(WSJ Houses of Worship) Tamar Snyder: When Religion Restricts Forbids Lending

“As business capital is assumed to be both outside the intent of the prohibition and an indispensable element of the modern economy, it was considered appropriate to find a method to allow it,” says Rabbi Daniel Feldman of Yeshiva University. While some authorities historically opposed the heter iska, which is only to be used for business purposes, it is widely accepted as meeting both the letter and the spirit of the law, says Rabbi Feldman.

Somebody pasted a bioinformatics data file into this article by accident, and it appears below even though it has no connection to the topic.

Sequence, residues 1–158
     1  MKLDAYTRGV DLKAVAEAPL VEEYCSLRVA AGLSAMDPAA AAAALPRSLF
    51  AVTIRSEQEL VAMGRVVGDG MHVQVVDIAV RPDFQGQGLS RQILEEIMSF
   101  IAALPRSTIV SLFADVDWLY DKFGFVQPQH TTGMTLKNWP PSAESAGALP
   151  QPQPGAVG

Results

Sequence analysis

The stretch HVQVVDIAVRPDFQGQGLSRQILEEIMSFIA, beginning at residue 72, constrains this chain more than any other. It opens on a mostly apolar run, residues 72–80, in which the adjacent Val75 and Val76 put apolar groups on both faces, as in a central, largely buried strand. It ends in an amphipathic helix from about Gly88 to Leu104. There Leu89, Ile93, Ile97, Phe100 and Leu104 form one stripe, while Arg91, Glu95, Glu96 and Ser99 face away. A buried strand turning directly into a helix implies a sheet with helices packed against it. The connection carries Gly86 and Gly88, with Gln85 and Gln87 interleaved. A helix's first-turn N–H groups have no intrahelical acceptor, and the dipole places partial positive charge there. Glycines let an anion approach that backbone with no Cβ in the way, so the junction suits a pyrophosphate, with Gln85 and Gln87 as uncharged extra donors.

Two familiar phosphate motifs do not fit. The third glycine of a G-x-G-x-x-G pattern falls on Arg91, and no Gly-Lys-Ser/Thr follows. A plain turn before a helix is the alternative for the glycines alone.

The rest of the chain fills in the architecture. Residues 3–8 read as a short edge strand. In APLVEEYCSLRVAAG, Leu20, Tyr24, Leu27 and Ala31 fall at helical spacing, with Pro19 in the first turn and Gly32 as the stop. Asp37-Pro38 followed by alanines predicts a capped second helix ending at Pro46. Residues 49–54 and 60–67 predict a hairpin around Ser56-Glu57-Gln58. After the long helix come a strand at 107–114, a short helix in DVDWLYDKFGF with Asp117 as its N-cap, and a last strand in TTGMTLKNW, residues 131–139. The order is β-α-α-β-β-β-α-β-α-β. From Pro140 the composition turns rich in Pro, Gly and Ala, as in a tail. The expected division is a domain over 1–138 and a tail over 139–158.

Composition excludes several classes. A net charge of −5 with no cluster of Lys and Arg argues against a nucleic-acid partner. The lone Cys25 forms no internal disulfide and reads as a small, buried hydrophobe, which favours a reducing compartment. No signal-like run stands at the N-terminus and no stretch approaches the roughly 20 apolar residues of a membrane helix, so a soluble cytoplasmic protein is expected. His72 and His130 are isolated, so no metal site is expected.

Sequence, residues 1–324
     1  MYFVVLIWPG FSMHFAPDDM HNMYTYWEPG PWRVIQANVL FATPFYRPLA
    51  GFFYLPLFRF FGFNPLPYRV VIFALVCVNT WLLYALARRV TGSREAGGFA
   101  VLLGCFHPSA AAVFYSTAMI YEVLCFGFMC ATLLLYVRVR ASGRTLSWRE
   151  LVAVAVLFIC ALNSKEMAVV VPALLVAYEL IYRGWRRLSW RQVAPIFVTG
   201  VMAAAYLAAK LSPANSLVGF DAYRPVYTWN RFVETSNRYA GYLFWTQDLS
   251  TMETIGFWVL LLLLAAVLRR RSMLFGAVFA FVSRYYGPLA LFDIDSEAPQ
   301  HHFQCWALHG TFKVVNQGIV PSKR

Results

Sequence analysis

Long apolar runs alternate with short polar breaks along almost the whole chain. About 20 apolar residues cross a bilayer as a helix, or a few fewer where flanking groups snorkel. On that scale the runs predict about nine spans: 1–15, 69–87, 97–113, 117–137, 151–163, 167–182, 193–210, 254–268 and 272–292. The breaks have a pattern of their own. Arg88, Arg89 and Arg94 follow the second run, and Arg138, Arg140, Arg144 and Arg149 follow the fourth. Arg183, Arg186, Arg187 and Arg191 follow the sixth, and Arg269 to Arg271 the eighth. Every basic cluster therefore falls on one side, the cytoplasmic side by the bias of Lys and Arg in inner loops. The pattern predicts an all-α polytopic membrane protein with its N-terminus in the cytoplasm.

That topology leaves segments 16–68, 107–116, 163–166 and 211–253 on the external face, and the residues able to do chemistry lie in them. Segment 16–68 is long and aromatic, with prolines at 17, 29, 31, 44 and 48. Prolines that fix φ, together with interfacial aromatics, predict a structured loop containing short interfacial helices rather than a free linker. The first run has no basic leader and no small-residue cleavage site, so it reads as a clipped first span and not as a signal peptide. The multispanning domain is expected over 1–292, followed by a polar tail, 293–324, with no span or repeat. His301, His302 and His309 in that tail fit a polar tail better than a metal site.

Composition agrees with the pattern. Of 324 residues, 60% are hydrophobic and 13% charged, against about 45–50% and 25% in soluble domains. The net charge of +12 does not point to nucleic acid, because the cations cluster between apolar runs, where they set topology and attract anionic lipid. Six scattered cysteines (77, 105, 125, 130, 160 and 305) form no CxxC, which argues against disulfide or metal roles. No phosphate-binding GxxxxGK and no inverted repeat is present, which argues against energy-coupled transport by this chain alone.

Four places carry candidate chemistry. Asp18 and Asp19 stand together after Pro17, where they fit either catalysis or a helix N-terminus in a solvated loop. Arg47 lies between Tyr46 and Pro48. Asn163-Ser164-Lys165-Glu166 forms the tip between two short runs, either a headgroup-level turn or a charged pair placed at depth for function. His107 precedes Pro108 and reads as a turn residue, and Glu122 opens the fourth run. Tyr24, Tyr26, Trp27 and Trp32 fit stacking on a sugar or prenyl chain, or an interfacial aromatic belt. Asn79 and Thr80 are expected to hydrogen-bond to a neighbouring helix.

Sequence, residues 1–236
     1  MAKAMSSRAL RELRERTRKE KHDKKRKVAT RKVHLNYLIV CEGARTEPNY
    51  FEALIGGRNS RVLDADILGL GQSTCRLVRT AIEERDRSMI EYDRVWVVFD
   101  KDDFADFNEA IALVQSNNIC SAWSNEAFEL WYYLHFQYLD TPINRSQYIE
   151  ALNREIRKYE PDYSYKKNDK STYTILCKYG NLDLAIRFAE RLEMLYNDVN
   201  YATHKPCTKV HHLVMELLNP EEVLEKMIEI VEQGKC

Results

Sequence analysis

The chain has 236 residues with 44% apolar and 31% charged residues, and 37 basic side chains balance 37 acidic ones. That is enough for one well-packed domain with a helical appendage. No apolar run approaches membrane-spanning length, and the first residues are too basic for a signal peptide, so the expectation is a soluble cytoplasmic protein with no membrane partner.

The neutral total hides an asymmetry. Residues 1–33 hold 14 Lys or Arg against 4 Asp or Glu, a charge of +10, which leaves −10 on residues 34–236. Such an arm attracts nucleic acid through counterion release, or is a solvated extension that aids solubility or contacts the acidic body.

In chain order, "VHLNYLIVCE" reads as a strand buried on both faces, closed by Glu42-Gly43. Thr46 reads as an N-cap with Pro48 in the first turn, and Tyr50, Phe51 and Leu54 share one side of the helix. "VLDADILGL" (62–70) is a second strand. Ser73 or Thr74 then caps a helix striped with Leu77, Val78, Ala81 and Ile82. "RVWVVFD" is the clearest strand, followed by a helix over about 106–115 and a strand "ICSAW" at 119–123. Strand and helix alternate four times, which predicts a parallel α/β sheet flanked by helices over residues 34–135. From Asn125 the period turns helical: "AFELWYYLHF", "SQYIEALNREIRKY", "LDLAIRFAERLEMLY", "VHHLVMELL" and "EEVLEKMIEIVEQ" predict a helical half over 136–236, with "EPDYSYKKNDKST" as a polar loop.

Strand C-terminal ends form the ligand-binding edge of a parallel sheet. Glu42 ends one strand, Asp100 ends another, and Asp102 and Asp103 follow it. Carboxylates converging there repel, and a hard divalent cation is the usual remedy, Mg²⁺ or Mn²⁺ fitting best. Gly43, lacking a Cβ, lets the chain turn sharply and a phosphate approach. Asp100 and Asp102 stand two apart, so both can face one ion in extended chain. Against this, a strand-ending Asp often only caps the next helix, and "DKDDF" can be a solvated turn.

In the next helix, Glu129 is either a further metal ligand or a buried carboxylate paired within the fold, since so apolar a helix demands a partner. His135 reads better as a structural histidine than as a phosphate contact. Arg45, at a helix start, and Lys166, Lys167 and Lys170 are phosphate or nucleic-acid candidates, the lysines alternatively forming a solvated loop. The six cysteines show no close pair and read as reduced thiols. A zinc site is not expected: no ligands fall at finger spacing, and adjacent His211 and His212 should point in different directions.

In our difficult economic times, interest-free loans may be more important than ever. In Dallas, the local Hebrew Free Loan Association offers a variety of them, including for life-cycle events, adoptions, home health care and education. And Hebrew free-loan societies boast inordinately low default rates of less than 1%. “There is a sense of religious obligation on both sides,” says Mr. Sarna.

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